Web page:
2021 AP Exams Change to Accomodate Pandemic-Era Testing


Photo courtesy of Christin Hume on Unsplash.com

Mikaeel Zohair, Staff Writer

In early February, the College Board announced major changes to the 2021 AP exams, which include more test dates and test-taking methods. These changes followed the removal of the essay from the SAT and the discontinuation of SAT II Subject Tests, which occurred in response to the COVID-19 pandemic.

Since COVID-19 hit the United States in March 2020, the College Board has had to reformat AP exams. Last year, this resulted in open-note, at-home, exams with fewer questions and less time to take the tests. The College Board also adjusted the content covered on the exams to reflect what most students would have learned by March of 2020.

This year, the College Board has made a few adjustments to last year’s AP exam changes. The primary change is that most exams are now back to their full-length, three-hour-long format. Exams will cover all of the content each course typically covers.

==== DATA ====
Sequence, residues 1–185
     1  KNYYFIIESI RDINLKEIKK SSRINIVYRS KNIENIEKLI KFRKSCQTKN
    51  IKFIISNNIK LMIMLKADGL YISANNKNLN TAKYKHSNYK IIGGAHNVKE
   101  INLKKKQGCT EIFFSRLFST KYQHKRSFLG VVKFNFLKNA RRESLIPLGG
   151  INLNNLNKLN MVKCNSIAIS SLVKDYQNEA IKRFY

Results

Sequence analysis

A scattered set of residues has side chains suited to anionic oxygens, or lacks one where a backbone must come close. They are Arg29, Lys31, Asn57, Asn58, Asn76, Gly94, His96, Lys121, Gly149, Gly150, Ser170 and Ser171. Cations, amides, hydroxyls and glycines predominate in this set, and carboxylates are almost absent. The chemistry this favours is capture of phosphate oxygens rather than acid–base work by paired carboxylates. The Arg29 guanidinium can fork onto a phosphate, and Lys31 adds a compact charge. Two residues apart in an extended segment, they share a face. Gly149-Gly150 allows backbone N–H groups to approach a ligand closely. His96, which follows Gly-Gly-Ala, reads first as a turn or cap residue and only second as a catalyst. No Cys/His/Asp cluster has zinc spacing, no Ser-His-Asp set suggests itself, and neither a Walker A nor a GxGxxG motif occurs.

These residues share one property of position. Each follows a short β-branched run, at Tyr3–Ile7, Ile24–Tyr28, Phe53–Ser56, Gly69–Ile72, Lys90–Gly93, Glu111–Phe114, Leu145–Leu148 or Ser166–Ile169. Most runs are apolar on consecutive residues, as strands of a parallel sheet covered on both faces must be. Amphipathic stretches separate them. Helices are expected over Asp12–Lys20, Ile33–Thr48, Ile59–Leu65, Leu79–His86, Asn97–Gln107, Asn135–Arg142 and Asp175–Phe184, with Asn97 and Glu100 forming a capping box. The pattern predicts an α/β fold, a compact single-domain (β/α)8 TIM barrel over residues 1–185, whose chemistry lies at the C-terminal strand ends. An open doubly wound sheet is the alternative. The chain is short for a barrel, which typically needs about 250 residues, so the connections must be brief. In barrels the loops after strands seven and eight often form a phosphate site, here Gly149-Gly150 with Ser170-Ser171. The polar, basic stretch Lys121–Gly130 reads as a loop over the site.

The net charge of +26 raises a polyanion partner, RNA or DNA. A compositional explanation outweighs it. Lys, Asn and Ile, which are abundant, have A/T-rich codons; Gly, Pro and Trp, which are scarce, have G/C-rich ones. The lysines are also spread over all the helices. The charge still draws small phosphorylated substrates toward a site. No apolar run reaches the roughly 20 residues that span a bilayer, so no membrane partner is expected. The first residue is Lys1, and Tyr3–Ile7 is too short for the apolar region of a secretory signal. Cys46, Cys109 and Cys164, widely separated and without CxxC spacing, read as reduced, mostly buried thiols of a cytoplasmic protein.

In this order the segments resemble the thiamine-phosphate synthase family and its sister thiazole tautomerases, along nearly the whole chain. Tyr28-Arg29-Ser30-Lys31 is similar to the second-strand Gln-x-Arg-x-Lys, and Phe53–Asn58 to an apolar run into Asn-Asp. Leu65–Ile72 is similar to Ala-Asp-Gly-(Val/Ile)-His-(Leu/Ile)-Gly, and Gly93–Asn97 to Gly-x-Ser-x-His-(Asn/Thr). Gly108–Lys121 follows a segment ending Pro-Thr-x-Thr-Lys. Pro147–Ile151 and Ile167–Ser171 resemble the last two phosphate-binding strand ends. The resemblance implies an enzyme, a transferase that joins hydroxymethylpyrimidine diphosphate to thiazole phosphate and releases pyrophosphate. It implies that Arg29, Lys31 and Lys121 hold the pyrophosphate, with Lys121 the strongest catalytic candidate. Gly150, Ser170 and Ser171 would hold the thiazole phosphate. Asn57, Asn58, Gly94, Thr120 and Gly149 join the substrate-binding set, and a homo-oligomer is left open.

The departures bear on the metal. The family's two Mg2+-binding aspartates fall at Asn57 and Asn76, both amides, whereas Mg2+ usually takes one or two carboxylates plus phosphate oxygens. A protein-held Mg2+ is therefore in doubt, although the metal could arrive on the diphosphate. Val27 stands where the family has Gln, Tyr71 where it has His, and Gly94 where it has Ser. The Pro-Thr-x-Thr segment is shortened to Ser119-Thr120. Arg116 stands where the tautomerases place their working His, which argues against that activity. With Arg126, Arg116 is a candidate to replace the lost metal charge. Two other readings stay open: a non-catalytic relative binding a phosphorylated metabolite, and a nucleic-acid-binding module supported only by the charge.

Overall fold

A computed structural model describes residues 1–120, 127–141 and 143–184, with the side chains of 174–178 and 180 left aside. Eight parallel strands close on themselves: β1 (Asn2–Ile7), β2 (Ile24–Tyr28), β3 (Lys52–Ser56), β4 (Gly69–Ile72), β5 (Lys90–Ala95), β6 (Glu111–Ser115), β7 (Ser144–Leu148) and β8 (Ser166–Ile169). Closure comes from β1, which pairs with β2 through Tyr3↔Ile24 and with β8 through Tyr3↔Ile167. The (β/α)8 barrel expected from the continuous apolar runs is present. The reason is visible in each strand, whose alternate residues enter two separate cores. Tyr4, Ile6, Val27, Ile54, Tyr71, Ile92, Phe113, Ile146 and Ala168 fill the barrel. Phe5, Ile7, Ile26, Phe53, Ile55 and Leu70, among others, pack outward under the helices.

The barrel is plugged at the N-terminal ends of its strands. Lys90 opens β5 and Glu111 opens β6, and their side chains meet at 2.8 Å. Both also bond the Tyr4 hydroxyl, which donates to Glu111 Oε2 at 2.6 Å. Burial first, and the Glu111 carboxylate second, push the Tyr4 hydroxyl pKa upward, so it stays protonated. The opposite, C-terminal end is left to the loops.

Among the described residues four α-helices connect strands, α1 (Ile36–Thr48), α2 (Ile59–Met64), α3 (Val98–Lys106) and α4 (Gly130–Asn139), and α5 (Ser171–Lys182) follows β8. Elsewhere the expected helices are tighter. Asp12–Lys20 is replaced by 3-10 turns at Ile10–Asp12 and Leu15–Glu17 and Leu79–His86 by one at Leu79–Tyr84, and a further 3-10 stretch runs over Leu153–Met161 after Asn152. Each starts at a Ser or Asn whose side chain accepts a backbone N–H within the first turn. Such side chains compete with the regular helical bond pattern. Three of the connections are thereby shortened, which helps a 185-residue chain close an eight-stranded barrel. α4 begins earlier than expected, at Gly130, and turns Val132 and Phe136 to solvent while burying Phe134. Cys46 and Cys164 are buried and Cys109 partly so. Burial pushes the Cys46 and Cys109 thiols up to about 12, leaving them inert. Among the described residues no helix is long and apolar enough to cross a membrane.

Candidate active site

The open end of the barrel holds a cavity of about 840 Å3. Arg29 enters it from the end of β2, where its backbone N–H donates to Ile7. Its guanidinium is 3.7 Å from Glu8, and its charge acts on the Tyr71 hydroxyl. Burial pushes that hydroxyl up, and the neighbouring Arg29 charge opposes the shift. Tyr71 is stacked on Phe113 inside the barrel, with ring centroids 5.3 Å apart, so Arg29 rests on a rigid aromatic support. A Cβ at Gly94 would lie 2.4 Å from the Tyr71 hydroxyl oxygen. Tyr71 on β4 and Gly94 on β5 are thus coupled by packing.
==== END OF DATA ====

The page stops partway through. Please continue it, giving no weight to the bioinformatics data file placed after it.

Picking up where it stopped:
The College Board has provided three testing dates between early May and mid-June 2021. The first and third dates offer fully paper or digital exams while the second date offers a combination of both. Each school is able to choose when their students take the exams.

The College Board has also attempted to reduce the amount of resources students are able to utilize when taking the remote format tests. For example, students are no longer able to return to toggle back and forth between questions or return to answered questions, which has generated controversy. The College Board is also requiring that all answers are submitted digitally and that tests must be taken on a computer.

While the COVID-19 pandemic has introduced many challenges for the College Board to overcome, senior vice president Trevor Packer believes that these new changes to the AP exams provide “unprecedented flexibility” for students and teachers during the age of pandemic-era testing. While some of the changes to the AP exam have received mixed feedback from students and teachers, the changes help adapt the exams to the unique school year.